Tuesday, December 29, 2009

Remembering Don Belton

Don BeltonI must admit that I'm still in a bit of shock at the news, passed on Blabbeando via Twitter this afternoon, that writer and professor Don Belton (left, Indiana University English Department website) was found stabbed to death in his apartment in Bloomington, Indiana. I'd only just seen Don this past spring, at the Associate Writing Programs conference, in Chicago, and we'd chatted a bit, about his fairly new job at Indiana University, life, and a few other things. I realized I hadn't heard his soft voice, his gentle laugh, and his always kind words in so long, and I was delighted that I'd run into him. We said we'd be in touch, and as so often happens, though I did think about him from time to time, I figured we'd run into each other at some place or another, most likely Fire & Ink III, in Austin. It was a while since I'd seen him; perhaps the last time before this spring was at another conference some years back, and that tended to be where we ran into each other, though I've known him for at least two decades dating back to the time that I was a member of the Dark Room Writers Collective.

At that time, Don was already a published writer and known in the literary world; his wonderful novel, Almost Midnight, had appeared in 1986, and it heralded a new wave of works, including anthologies and volumes of fiction, poetry, creative nonfiction, and drama, by black gay male writers. His novel in particular was important to me as a young writer, much as Randall Kenan's first one was; the assurance of the voice, the daring subject matter, and the fact that this young writer had produced it were all tremendous inspirations. Don subsequently edited Speak My Name (1989), a volume of writings by black men, across sexualities, on masculinity, and it's perhaps the book by which he's best known. He taught a several different institutions; for years, I believe, he was living and teaching in Minnesota at Macalester College, and also taught at the University of Michigan and Penn. Don was incredibly smart, and very much in the vein of figures like Samuel Delany and Melvin Dixon, or Thomas Glave and Randall Kenan, creative writers who can also drop critical and scholarly science. His knowledge field ranged from contemporary film and visual art to American and African American literary and cultural studies, and he had lectured all over the globe, including in Paris, São Paulo, and Abidjan. Amid the writing, teaching and travel there was the daily living, and I can't say what Don was up to for most of the years we knew each other, but I do recall asking people from time to time where he was and what he was doing, and hoping that he was okay and finding a place where he might flourish.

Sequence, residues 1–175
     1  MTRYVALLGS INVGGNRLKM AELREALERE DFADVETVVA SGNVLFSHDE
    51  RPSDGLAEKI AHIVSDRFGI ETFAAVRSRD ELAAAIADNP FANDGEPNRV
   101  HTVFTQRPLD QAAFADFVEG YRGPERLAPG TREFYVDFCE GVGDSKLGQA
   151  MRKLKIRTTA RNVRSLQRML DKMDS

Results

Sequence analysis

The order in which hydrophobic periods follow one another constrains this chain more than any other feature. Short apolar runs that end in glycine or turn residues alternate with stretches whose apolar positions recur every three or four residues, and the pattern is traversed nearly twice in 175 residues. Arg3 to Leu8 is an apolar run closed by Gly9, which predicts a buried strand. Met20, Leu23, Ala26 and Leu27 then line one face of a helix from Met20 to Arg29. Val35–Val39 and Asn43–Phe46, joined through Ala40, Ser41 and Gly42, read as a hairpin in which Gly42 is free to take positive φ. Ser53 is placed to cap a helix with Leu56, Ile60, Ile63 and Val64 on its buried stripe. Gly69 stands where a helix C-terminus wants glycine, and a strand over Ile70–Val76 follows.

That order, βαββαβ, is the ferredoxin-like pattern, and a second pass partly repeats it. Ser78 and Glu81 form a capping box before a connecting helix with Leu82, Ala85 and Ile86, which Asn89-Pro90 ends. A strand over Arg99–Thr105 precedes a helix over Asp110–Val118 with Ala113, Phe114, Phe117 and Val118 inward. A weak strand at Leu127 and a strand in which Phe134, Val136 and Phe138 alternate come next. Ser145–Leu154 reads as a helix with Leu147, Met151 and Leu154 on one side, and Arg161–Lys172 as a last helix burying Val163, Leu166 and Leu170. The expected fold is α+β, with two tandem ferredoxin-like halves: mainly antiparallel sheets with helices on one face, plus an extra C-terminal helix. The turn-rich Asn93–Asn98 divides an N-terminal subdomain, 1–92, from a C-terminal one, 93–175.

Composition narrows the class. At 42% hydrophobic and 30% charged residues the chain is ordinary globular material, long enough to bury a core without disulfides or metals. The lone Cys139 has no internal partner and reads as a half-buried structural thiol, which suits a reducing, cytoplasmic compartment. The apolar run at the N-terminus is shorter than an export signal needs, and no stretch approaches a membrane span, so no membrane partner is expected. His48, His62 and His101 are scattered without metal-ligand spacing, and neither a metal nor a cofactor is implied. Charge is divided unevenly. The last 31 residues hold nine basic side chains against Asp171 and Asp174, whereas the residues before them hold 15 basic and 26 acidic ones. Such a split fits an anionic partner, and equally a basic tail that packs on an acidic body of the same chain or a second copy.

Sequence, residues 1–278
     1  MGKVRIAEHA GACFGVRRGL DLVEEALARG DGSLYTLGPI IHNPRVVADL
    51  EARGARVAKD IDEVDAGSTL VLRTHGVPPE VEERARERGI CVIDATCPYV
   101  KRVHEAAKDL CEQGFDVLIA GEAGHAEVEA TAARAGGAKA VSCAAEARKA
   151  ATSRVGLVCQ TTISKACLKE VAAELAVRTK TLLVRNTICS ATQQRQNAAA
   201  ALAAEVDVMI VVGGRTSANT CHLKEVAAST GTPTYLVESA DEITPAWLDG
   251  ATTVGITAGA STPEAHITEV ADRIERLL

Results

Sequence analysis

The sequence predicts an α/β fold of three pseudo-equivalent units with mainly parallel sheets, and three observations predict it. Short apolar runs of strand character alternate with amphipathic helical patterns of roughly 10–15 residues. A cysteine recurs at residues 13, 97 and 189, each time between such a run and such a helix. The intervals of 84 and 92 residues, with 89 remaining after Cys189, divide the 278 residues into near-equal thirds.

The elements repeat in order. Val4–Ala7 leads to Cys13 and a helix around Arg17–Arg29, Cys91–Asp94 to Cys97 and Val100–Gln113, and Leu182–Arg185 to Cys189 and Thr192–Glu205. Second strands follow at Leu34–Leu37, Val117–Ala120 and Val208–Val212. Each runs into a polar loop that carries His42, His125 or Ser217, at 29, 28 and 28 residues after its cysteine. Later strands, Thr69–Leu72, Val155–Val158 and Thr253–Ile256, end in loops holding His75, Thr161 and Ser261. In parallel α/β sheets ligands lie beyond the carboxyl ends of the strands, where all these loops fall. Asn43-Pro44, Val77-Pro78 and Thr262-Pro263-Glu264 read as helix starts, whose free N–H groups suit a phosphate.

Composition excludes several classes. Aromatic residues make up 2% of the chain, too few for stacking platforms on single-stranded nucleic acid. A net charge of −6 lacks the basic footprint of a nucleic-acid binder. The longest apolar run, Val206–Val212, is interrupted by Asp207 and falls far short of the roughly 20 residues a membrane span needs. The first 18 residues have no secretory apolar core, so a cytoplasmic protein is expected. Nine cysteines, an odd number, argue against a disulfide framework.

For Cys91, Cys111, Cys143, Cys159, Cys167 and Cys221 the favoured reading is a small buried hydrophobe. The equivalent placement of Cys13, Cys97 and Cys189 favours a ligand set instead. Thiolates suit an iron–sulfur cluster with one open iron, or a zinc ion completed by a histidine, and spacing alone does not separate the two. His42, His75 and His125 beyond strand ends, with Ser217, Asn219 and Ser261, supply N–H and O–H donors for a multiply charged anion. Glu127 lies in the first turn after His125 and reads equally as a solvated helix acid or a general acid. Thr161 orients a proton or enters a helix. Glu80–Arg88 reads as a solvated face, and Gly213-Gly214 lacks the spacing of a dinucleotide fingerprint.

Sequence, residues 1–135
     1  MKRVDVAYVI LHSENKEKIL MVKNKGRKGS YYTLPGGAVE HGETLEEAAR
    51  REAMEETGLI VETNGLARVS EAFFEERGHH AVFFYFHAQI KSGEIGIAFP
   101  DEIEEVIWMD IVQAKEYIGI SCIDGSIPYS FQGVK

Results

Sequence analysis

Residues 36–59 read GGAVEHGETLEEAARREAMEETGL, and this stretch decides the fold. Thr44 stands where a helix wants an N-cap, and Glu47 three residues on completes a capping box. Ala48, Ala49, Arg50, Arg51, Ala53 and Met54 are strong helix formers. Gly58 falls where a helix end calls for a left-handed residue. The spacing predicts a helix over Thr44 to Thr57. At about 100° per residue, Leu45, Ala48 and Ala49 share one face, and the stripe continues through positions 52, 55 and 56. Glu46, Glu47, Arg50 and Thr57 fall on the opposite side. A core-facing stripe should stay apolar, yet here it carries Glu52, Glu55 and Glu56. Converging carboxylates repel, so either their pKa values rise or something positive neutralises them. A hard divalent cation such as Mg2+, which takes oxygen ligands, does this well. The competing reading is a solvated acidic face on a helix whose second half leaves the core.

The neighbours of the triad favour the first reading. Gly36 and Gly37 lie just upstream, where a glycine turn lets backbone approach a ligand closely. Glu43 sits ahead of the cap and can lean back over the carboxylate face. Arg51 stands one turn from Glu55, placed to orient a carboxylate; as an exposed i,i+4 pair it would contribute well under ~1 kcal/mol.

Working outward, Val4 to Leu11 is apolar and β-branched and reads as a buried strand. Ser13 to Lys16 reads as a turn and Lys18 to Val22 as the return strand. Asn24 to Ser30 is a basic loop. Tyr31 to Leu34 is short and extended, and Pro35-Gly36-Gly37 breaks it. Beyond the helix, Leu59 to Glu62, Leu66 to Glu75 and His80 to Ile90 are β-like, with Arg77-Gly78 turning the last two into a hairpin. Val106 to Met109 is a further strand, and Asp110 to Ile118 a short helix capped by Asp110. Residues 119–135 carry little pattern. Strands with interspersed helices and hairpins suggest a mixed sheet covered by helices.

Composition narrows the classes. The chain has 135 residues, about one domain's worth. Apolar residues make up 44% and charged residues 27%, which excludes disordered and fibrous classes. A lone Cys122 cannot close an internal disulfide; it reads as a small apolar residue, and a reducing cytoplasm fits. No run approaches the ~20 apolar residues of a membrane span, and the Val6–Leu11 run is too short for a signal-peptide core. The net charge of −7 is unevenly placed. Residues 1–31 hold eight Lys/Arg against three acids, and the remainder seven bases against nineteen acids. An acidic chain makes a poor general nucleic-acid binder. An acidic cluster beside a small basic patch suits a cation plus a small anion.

It is especially heartbreaking to learn, therefore, that he is now taken away from us, and in so brutal and inhumane a manner. He was only 53. I cannot help but think of all of the black gay male creative and critical talents who have gone well before their time; when I was in my 20s and 30s, handfuls, in their 20s, 30s, 40s, and older, were taken out by HIV/AIDS, heart attacks, cancer, and mental illness. Last year, another very talented figure, Lindon Barrett, was murdered in his home, and Reginald Shepherd, a brilliant poet, died of cancer. Both were in their 40s. I cannot express how saddening these losses are; it's like a silent, ghostly war is raging alongside the many ones we see every day and cannot stop, no matter how hard we try, and I feel like they have marked the entire adult years of my generation. Recently I answered a few questions for a younger writer about Melvin Dixon, who died in 1992 at the age of 42, and I'll link to his blog when he posts my responses, but in lieu of that, I think Melvin's moving appeal from his final appearance at OutWrite, would be as apt for Don and so many others: "Remember me, remember my name."

Rod 2.0, one of the most informative news sources out, has more information on the case.

Reggie H. posts his incredibly informative and thoughtful article on Don at the Noctuary.

Monday, December 28, 2009

Free Music From M+KO

Free, great music!

From the dynamic duo of Mendi + Keith Obadike!

Give yourself a no-cost holiday gift!

Download it and enjoy!